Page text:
The average working life of a service dog is eight years, but some have been in service for 11-12 years or longer. Upon retirement from service, an owner may choose to keep their dog as a pet and acquire a new dog as their working dog.
Types of Service Dogs:
Most widely known for helping people who are visually impaired by being their eyes and guiding the owner safely through obstacles such as climbing stairs, walking through crowds on sidewalks, maneuvering through traffic intersections, etc. These
guide dogs will usually wear some type of harness.
Also known as "signal dogs," assist hearing impaired persons by alerting them to sounds such as bells, whistles, phones, babies crying, smoke alarms, etc. Breeds such as Border Collies and Corgis are sometimes used because the size of the dog is not important; they are only alerting the owner to a sound and the dogs can be carried by the owner.
Mobility Assistant Dog
Assists persons who have spinal cord injuries, arthritis, pulmonary conditions or any other condition which may confine them to a bed or wheelchair by helping the owner to get dressed or undressed, carrying items on backpacks, pulling wheelchairs, opening and closing doors, turning lights on and off, picking up dropped items, putting clothes in the washer and drier, picking up the phone, etc.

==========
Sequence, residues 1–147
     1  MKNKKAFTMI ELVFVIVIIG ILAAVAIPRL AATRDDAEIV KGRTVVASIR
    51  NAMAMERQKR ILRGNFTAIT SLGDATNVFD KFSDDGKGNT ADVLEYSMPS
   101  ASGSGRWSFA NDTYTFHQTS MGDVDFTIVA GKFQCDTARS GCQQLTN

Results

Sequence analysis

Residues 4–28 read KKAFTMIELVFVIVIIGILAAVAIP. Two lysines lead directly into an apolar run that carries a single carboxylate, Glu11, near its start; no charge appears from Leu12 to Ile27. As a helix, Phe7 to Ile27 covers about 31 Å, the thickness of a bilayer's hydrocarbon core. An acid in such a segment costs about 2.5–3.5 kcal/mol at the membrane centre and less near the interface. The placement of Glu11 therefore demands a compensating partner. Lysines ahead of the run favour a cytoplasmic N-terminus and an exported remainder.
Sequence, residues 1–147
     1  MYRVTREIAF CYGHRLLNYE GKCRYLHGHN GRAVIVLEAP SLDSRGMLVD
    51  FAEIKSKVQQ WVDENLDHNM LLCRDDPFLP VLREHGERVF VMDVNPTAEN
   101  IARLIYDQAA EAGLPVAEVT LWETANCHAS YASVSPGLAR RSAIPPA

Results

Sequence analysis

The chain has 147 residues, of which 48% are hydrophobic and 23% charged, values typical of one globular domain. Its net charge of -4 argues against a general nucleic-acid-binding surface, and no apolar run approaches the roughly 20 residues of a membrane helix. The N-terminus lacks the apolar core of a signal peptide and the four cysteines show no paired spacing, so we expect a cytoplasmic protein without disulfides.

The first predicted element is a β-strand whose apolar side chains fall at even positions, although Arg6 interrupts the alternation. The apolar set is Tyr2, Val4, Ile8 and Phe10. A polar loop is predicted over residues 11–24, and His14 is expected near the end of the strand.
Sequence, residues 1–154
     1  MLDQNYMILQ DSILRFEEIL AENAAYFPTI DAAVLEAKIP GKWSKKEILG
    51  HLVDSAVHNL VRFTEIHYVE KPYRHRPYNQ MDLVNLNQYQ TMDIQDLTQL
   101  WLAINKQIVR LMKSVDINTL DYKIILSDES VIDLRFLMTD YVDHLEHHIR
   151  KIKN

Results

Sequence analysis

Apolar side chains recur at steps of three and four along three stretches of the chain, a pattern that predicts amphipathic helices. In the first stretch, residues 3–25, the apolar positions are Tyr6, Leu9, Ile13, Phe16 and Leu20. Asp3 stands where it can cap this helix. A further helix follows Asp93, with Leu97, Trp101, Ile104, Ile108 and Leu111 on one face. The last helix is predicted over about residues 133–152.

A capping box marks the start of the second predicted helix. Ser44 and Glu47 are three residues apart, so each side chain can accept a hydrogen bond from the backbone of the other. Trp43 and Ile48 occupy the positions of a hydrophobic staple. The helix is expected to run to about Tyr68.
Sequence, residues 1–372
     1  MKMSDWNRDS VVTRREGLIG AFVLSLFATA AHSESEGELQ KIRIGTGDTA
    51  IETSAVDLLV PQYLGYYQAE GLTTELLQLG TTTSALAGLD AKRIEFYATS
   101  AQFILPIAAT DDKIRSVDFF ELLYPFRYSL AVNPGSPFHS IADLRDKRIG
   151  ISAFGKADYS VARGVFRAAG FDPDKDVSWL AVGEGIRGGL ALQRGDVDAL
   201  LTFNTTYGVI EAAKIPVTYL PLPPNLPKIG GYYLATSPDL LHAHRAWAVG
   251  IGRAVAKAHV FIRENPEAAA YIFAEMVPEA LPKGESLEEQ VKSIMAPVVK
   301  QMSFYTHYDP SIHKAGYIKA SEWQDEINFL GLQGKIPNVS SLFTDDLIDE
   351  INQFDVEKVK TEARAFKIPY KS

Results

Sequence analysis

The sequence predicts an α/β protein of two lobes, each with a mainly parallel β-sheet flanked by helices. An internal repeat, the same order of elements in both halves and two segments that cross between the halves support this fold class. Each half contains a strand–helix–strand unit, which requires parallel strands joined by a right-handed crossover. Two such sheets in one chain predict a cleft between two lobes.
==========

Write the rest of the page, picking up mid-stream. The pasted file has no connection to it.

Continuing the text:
Performs many of the tasks of a Mobility Assistant Dog, but also acts as a balancer or counter balancer for a person having difficulty walking but not necessarily confined to a wheelchair.
Seizure/Alert Response Dog
Assists persons who are prone to seizures (e.g., epilepsy) by either lying on the owner to make sure they do not smother themselves with pillows or get up and injure themselves, or by leaving to get help. Some owners have prearranged a 911 button that the dog is trained to push and when answered, bark into the phone to alert emergency personnel. These seizure/alert response dogs can only be trained to react when the seizure happens; however, some dogs have been known to alert their owner before a seizure occurs. This is not something that can be trained and is not found in all dogs; however, some dogs have been able to sense chemical imbalances and will alert the owner in various ways before the seizure occurs.
Psychiatric Service Dog
Assists a person with a mental disorder, such as autism or agoraphobia, to keep them focused and safe. They are trained to NEVER leave the person's side, thus giving the person with agoraphobia a sense of security.